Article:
This short piece explores regionalism through the lens of NAFTA and examines its relationship to the multilateral trade regime and its effects on domestic policy. It tries to better understand the legal paradigm that allows the public aspects of trade law to intersect with the private interests of private investors. The rich jurisprudence of the Chapter 11 investment chapter of NAFTA provides a looking-glass into the complex interplay of state and non-state actors who navigate through the regional and multilateral trade and investment frameworks to further their interests. By disaggregating these overlaps, the paper illuminates this interplay which allows private actors to influence governments and affect domestic regulatory policy. Furthermore, by invoking the rich trade jurisprudence of the WTO, state and non-state actors working within regional legal frameworks further solidify the legitimacy of international adjudicatory processes of the WTO, furthering its political and economic influence on member states. Regional agreements are at times better positioned to deal with regulatory polices because of their proximity to domestic issues at hand that may impact the region. However, regional agreements may also contribute in dismantling domestic regulatory structures which may have legitimate goals. While the WTO may not bear the ultimate burden of resolving the conflicts between domestic trade and regulatory policies, the multilateral framework it provides may be a strong coordinating force that creates important legal linkages between its own adjudicatory processes and those of regional tribunals. Through these linkages, WTO panels may better deal with domestic regulatory policies that impact trade, thereby enhancing dialogue among the various state and non-state actors regarding regulatory measures. This short article is the product of a Symposium sponsored by the Indiana International and Comparative Law Review on “Assessing the Impact of Existing Bilateral and Multilateral U.S. Trade Agreements and Attempting Policy Recommendations for the Future,” at Indiana University Law School - Indianapolis

    Foreword: NAFTA as a Lesson for Globalization

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    Since its enactment, NAFTA has impacted international business among its members and it has awakened concerns of the environmental and labor challenges that the participating countries face as they move toward economic integration. Among the many challenges, coping with the economic, legal, and cultural differences that exist among the partners has been difficult. The nations must continue to work together to harmonize their laws in such a way that allows for easier integration without impeding their sovereign power to enact laws that address local needs. At the conference entitled “NAFTA at Ten: Harmonization and Legal Transformation,” held on June 14-15, 2003 at the University of Windsor, Ontario, the University of Detroit Mercy School of Law and the University of Windsor Faculty of Law brought together esteemed international legal scholars from Canada, Mexico, and the United States to share their extensive expertise and knowledge and discuss these important issues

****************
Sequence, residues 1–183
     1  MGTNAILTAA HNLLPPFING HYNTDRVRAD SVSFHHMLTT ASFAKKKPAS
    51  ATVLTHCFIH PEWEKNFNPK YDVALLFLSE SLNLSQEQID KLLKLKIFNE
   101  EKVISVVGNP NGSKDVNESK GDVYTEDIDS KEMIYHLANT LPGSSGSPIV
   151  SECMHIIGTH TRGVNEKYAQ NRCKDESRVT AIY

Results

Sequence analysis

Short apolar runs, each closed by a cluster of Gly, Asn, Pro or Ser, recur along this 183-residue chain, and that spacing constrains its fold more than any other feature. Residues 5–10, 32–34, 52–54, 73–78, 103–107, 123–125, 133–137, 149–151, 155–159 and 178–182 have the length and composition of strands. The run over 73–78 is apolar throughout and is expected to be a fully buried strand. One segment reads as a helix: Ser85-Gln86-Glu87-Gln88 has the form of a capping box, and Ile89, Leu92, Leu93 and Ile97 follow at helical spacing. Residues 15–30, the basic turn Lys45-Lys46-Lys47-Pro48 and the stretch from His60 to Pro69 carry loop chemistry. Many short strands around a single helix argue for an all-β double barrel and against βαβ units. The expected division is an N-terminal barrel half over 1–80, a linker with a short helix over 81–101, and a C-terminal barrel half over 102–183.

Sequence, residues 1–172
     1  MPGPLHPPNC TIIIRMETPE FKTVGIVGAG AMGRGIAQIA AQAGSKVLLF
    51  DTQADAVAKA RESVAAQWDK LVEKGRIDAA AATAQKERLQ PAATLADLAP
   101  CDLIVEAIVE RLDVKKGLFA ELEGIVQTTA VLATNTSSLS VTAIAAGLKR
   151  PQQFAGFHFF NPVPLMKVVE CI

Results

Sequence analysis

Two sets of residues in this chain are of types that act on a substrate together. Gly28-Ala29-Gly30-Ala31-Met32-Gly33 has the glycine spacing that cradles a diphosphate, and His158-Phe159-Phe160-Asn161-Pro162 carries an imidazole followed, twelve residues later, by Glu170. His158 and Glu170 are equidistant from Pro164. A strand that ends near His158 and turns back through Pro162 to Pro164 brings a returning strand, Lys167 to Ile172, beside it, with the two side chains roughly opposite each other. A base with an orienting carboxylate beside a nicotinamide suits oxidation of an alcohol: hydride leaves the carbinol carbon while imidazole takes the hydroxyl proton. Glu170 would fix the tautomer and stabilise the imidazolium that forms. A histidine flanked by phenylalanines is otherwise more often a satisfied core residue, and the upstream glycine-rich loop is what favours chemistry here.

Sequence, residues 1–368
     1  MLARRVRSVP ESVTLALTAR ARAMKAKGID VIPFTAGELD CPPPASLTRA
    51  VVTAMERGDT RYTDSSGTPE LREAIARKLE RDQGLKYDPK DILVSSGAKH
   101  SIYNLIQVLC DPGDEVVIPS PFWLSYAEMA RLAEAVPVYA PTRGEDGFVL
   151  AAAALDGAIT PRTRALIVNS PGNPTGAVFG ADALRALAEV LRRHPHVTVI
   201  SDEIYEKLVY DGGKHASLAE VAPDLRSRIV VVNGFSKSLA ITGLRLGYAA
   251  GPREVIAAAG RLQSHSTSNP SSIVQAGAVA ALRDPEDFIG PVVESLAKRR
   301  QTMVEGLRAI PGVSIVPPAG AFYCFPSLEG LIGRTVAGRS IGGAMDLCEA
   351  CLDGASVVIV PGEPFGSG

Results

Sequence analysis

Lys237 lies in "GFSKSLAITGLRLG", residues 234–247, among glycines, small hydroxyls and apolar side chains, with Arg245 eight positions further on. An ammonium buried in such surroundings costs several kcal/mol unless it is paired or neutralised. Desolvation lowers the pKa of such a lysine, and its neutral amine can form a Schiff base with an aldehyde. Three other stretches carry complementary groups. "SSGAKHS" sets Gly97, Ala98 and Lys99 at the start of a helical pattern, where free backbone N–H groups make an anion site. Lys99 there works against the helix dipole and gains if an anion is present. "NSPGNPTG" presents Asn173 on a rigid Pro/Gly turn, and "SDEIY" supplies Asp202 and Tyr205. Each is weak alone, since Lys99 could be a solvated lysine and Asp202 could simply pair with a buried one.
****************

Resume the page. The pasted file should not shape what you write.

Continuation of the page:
Foreword: NAFTA as a Lesson for Globalization

    Get PDF
    Since its enactment, NAFTA has impacted international business among its members and it has awakened concerns of the environmental and labor challenges that the participating countries face as they move toward economic integration. Among the many challenges, coping with the economic, legal, and cultural differences that exist among the partners has been difficult. The nations must continue to work together to harmonize their laws in such a way that allows for easier integration without impeding their sovereign power to enact laws that address local needs. At the conference entitled “NAFTA at Ten: Harmonization and Legal Transformation,” held on June 14-15, 2003 at the University of Windsor, Ontario, the University of Detroit Mercy School of Law and the University of Windsor Faculty of Law brought together esteemed international legal scholars from Canada, Mexico, and the United States to share their extensive expertise and knowledge and discuss these important issues

    City of Boerne v. Flores: Religious Free Exercise Pays a High Price for the Supreme Court\u27s Retaliation on Congress

    Get PDF
    The First Amendment of the United States Constitution, made applicable to the states through the Fourteenth Amendment, protects a person\u27s right to the free exercise of religion. This protection, however, fails to provide a framework with which to reconcile the freedom of religious conduct with the need for government to regulate conduct. All three branches of government, as created in the Constitution, create and refine this framework. Traditionally, the judiciary has been the final interpreter of the Constitution and, in this capacity, has defined the powers of the other branches of government. For example, the Supreme Court has interpreted Congress\u27s enforcement power under Section Five of the Fourteenth Amendment to be a remedial one, but at the same time broadened its scope to the degree that Congress could justify stepping into a judicial role for the sake of religious freedom. To that end, Congress enacted the Religious Freedom Restoration Act of 1993 ( RFRA ) in order to codify a strict scrutiny test for free exercise cases. RFRA represents Congress\u27s response to the Court\u27s decision in Employment Division, Department of Human Resources of Oregon v. Smith, in which the Court concluded that the First Amendment did not relieve individuals from complying with neutral and generally applicable laws that, in effect, infringed upon religious practices. In its 1997 decision in City of Boerne v. Flores, the Court responded to the passage of RFRA and addressed whether Congress has an affirmative power to preserve the rights guaranteed by the First Amendment. The Court confronted Congress, fighting back with one of the cornerstone principles of Marbury v. Madison, that [ilt is emphatically the province and duty of the judicial department to say what the law is. The Court concluded that RFRA was unconstitutional because Congress\u27s enforcement power under Section Five of the Fourteenth Amendment is solely remedial. This Note contends that Flores has significant implications for the future balance of power between the judiciary and legislative branches, as well as for the future of free exercise of religion. First, it discusses the history of the Court\u27s decisions on the right to free exercise, culminating in its decision in Smith as the catalyst that encouraged Congress to enact RFRA. A closer look into Smith will shed light on the future of free exercise. Moreover, a historical look into the judicial treatment of legislative enforcement power will also explain how Congress gathered the ammunition to pass such a law. Part II provides a summary of the facts and opinions that comprise Flores. Part III analyzes the history of both the Free Exercise Clause and Congress\u27s enforcement power-two subjects that set the stage for, and independently animated the opinions in Flores. It also discusses the Court\u27s assertion of its role as the final interpreter of the Constitution and its need to define the boundaries of congressional remedial power. Finally, Part III explains the significance of Flores as to the separation of powers and federalism doctrines. While setting limits on congressional enforcement power, Flores also significantly affects the future of the free exercise clause. Flores clearly reasserts that Smith is the law on free exercise. In so doing, however, it left untouched the eventuality that the Court may need to revisit the issue in cases of neutral, generally applicable laws